No rain in sight as France's Martinique declares first ever drought

The French Caribbean department of Martinique has declared a drought crisis for the first time in its history. The lack of rain has threatened drinking water, while authorities have imposed heavy water restrictions.

In a statement, Martinique's prefecture said the island had received 70 percent less rainfall in April than it had in the last 30 years, and warned the drought conditions were getting close to the record set in 1973.

Rainwater is the primary source of drinking water in Martinique, and many residents of south of the island are already contending with rotating water cuts, with rivers and reservoirs dangerously low.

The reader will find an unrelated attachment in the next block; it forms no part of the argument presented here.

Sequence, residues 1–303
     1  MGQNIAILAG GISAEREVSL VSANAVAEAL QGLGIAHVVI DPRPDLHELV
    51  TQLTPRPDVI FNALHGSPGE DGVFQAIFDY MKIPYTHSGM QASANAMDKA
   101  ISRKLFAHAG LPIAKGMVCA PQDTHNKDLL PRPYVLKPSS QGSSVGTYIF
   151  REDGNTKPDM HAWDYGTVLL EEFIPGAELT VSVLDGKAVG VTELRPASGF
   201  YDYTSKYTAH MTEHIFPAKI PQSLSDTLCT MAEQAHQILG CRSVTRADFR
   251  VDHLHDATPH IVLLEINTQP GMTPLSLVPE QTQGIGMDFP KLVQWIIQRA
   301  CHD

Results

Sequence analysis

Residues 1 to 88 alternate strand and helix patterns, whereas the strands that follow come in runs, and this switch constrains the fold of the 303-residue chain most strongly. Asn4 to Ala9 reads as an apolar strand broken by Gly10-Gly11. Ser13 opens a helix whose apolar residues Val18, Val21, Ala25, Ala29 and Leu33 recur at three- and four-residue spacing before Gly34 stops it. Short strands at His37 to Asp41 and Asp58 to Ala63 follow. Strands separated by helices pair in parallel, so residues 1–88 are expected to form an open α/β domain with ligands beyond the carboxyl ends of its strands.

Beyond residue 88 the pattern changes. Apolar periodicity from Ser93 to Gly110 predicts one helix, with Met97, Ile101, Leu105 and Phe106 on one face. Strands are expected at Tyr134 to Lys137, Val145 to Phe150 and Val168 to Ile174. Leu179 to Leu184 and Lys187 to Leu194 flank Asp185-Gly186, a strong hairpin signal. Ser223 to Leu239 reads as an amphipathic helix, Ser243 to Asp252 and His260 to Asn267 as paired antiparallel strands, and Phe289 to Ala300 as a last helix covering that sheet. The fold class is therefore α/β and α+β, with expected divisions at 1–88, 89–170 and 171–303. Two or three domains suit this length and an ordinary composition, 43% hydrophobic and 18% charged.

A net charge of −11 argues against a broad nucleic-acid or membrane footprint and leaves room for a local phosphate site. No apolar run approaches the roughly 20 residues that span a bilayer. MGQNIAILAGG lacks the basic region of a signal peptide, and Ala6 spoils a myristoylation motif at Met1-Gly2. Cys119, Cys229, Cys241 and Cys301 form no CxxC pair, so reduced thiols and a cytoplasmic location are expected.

About 20 schools have had to close because they have been unable guarantee the health and safety of the students.

Temperatures are also abnormally high, about 2C more than average, and no significant rain is forecast soon.

Authorities had already limited some use of water in April, including a ban on water lawns and gardens and the filling of private pools.

The crisis status imposes even more restriction, including a ban on washing cars and boats, and the imposition of a 25 percent cut in water usage for companies that consume more than 1,000 cubic metres of water a year.

(with AFP)

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